Concurrent Design– The Method
At the core of the Concurrent Design method lies the question: Why can't we work together to get things done while we are in a meeting and as opposed to just sit around talking about them?
We can! Such working meetings are in the Concurrent Design terminology called sessions to distinguish them from meetings.
A session lasts about 3.5 hours and a set of sessions will typically be planned and set up to solve a specific task: the generation of a study, a Request to Drill (RTD), etc.
Given the short duration of a session, it comes possible to include the "customer" (project manager), internal experts from design, planning, and operations; as well as external contractors in these sessions. The sessions are conducted in a dedicated work arena.
Session participants may take part either through physically being present in the work arena or through video or telephone. Video has been used very successfully for involving operations experts from the off-shore oil and gas platforms.
In the work arena all participants have a desk and their own networked computer. Each participant will have access to the same tools on this computer as they have access to in their office. The participants will therefore be able to perform near real-time analysis, design, and simulations while they are physically located in the work arena. The set of tools will depend on the problem to be solved.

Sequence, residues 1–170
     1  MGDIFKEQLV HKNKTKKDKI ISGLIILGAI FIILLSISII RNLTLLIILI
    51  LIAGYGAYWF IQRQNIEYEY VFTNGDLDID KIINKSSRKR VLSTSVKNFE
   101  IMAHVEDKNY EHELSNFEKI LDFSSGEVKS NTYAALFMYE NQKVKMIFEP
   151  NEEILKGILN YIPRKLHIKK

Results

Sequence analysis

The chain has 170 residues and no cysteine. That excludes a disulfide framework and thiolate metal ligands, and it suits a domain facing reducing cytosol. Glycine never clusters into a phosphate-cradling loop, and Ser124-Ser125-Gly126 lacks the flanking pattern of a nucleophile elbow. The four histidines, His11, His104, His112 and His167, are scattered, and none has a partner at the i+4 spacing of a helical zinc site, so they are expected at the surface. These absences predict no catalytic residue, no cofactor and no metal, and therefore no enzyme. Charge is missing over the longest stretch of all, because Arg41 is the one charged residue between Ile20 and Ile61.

Each discipline will be encouraged to utilize sophisticated tools early on in the design/planning phases.
Six wall screens are located on three of four walls in the work arena. All computers in the work arena can be dynamically displayed on any of these screens. This makes it possible to see input from many people in the work arena at the same time and ensure that everybody in the work arena is on "the same page."
Participants in a session will include the team members, the facilitator, external experts, and the customer "the decision maker." External experts may be physically present or participate through telephone or video.
The dynamics between the facilitator and team will function very similar to that between a conductor and an orchestra. And, in the same way, the facilitator will be specially trained to be able to extract system and progress out of an apparent chaos.
The decision maker "customer" will during the session make the required decisions and adjust requirements and directions to effectively help that team and facilitator home in on a preferred problem solution.The Concurrent Design Method is founded on two pillars the People, Process, and Tools Model (PPT-Model) and the "Eight Principles of Concurrent Design." (1).